Pharaon. Alpinus and Bellonius, following this, have called it Mus Pharaonis. The resemblance it has to a mouse in colour and hair, might have induced people ignorant of natural history to call it a mouse ; but why. Pharaoh's mouse? The Ægyptians were in the time of Pharaoh too intelligent to call it a mouse: nor is it at this day called phar by the Arabs, which is the name for mouse; they call it nems. What is related concerning its entering the jaws of the crocodile is fabulous.Hasselquist.

524 Hermopolis.]—There were in Ægypt two places of this name, Wesseling supposes Herodotus to speak of that in the Thebaid.—T.

Our gallant countryman, Sir Robert Wilson, describes an immense deposit of these birds in the plain between the Pyramids of Sacarah and those of Giza, the site probably of the ancient Memphis. The mummy pits, as he calls them, extend several leagues. The bird pits he thus describes :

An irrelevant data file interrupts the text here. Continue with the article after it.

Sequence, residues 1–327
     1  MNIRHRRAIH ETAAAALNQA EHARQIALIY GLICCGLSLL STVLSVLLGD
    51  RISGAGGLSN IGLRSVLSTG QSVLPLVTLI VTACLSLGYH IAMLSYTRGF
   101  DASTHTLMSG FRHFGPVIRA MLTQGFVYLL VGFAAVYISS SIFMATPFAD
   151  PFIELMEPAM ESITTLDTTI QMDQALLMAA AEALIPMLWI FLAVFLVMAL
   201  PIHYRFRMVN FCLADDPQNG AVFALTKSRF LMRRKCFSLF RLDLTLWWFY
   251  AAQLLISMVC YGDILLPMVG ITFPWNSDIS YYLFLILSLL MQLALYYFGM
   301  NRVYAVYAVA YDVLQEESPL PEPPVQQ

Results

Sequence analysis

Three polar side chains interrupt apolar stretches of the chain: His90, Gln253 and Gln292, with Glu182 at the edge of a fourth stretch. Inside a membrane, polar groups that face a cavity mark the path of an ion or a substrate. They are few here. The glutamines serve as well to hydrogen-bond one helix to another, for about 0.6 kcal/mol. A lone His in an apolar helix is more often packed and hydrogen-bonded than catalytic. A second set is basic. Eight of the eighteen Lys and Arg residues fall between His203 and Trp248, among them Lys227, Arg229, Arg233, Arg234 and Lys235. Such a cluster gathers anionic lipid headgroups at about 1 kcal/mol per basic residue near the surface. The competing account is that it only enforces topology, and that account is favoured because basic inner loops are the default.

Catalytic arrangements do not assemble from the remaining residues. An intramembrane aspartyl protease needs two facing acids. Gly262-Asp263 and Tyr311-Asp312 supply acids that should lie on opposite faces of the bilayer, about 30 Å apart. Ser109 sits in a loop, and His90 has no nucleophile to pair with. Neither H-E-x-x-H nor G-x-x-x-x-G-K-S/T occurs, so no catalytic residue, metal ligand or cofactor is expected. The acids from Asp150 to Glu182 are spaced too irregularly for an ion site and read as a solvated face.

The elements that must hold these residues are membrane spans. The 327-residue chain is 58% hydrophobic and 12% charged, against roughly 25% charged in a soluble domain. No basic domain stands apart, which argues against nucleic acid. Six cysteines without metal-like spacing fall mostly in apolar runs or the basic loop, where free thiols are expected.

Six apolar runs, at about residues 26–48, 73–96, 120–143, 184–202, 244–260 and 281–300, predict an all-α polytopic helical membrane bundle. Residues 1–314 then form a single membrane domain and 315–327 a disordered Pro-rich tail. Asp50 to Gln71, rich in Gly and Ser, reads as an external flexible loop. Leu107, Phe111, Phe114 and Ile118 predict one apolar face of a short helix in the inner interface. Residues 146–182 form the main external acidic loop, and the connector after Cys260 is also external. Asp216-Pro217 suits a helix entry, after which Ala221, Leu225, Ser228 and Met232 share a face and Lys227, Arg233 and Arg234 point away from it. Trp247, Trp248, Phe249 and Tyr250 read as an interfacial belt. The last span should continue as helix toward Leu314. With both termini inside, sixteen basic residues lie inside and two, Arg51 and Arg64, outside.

In the bird pits, millions of earthen pots lie in the recesses, of which the sacred birds of Ægypt, particularly the Ibis, are enclosed, and occasionally the bones of animals are found: these pots are closed by a strong cement, which no air can penetrate, when broken, there drops out what is apparently a lump of burnt cinders, which proves to be the cloth in which the bodies were preserved. In almost all, the string which bound them remains perfect, and their feathers are preserved with their very shades of colour.—p. 138.

125 Wolves.]–Hasselquist did not meet with either of these animals in Ægypt.'

Wolves were honoured in Ægypt, says Eusebius, probably from their resemblance to the dog. Some relate, that the Æthiopians having made an expedition against Ægypt, were put to flight by a vast number of wolves, which occasioned the place where the incident happened to be called Lycopolis.

· LXVIII, I proceed now to describe the na'ture of the crocodile'26, which during the four